2014-03-07

Excel: Concatenating Fields

My next big task at work is adding our hundreds of branch locations to the Work Order & Preventative Maintenance (CMMS) system in Archibus.


Our consultant has a portal where we log in to the system, so, the first step is supplying them with a list of usernames and email addresses to import. The data I have available does not list this information together, so I needed a quick and easy way to produce it.


Concatenating a name to create an email address


While I could just copy the name column and do a find and replace to append the domain, I like concatenating, because it’s so quick and easy.

 

Just type an equal sign, the first cell name, an ampersand and then the second cell name.


Since I want to drag and copy this down the entire column, I still want to point the latter half of the equation to the top cell. I type a dollar sign in front of the cell number, so it will not increment to match the row number (if I were copying this formula to different columns, I would put a $ in front of both the column and the row, like “$F$1”).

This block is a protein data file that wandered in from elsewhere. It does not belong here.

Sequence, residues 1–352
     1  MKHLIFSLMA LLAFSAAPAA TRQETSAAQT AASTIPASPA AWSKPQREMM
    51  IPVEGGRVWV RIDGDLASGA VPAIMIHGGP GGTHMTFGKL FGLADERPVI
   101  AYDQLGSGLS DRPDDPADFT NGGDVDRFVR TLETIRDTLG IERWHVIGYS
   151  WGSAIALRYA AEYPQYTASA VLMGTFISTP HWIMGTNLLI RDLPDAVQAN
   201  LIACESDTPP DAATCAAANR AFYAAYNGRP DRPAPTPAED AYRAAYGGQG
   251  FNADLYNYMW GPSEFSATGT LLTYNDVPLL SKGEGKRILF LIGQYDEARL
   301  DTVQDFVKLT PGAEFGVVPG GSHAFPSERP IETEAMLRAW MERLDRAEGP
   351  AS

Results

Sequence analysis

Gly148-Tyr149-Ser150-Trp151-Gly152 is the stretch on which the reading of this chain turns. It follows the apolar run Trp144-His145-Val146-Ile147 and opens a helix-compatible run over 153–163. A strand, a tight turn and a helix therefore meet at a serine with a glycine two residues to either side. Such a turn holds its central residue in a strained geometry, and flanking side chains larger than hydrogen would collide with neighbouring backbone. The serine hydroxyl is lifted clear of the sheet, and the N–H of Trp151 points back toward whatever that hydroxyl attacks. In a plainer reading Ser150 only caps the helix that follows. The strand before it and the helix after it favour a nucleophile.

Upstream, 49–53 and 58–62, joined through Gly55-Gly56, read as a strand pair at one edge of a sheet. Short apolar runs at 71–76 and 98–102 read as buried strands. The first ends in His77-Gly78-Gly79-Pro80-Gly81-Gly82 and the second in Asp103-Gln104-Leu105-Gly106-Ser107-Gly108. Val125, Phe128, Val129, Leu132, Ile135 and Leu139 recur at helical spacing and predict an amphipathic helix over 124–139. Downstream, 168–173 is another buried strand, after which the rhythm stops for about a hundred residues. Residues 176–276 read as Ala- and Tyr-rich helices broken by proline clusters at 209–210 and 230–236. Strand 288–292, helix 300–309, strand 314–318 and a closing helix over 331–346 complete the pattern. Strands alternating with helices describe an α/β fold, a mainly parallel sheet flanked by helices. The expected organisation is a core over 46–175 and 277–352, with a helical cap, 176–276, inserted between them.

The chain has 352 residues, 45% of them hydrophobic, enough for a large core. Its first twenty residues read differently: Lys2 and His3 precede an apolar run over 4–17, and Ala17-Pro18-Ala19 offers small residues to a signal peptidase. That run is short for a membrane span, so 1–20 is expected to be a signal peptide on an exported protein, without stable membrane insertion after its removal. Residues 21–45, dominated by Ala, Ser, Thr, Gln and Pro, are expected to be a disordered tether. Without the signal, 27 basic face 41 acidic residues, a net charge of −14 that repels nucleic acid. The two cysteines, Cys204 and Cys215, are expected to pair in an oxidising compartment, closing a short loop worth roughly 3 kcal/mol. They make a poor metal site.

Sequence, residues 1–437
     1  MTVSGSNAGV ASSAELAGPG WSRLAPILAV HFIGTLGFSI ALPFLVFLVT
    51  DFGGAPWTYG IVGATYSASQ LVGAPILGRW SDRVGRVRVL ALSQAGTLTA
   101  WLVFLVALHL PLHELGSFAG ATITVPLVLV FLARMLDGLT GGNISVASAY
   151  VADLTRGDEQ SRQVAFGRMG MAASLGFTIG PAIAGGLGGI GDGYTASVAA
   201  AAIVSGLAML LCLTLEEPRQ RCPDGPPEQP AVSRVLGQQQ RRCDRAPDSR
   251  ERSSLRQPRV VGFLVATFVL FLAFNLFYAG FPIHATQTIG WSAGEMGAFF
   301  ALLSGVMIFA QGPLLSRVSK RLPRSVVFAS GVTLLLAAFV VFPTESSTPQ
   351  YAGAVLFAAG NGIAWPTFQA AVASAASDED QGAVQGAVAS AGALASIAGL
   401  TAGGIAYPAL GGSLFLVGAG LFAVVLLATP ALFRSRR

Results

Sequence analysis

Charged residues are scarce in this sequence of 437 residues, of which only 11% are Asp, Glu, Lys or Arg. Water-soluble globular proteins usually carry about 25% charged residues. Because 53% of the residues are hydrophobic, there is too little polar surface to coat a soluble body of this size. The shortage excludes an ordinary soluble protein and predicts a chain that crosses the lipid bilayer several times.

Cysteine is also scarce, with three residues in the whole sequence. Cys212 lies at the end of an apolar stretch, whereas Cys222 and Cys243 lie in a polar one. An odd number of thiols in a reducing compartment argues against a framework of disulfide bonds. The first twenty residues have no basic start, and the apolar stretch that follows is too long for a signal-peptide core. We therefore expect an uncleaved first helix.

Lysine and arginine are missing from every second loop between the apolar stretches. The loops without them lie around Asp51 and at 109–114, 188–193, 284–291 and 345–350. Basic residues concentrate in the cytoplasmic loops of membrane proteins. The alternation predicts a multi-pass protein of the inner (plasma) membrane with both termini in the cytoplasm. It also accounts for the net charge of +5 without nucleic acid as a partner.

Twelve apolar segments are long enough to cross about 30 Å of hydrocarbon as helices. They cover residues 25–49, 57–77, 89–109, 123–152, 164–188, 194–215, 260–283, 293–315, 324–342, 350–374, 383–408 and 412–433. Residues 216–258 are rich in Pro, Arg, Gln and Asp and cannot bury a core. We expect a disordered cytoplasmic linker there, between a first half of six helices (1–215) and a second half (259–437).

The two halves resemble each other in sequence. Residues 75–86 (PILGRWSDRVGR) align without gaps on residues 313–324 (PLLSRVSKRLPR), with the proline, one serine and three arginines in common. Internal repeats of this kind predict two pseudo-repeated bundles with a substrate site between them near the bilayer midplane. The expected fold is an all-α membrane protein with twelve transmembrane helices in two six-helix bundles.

If I were joining other data, such as the city and state fields, I would want to add additional formatting like a comma and a space. All I have to do is place some more &’s and surround the addition with a pair of quote marks.

 


The above is a shorter way of using the =CONCATENATE function.

 

MS Excel has an Autofill feature, so, start typing the word, and when it shows up at the prompt, hit Tab to insert the whole command into your cell.

 


 

Then proceed as you normally would when typing an expression in, using parentheses to surround the data and commas to separate the components you wish to include.

 





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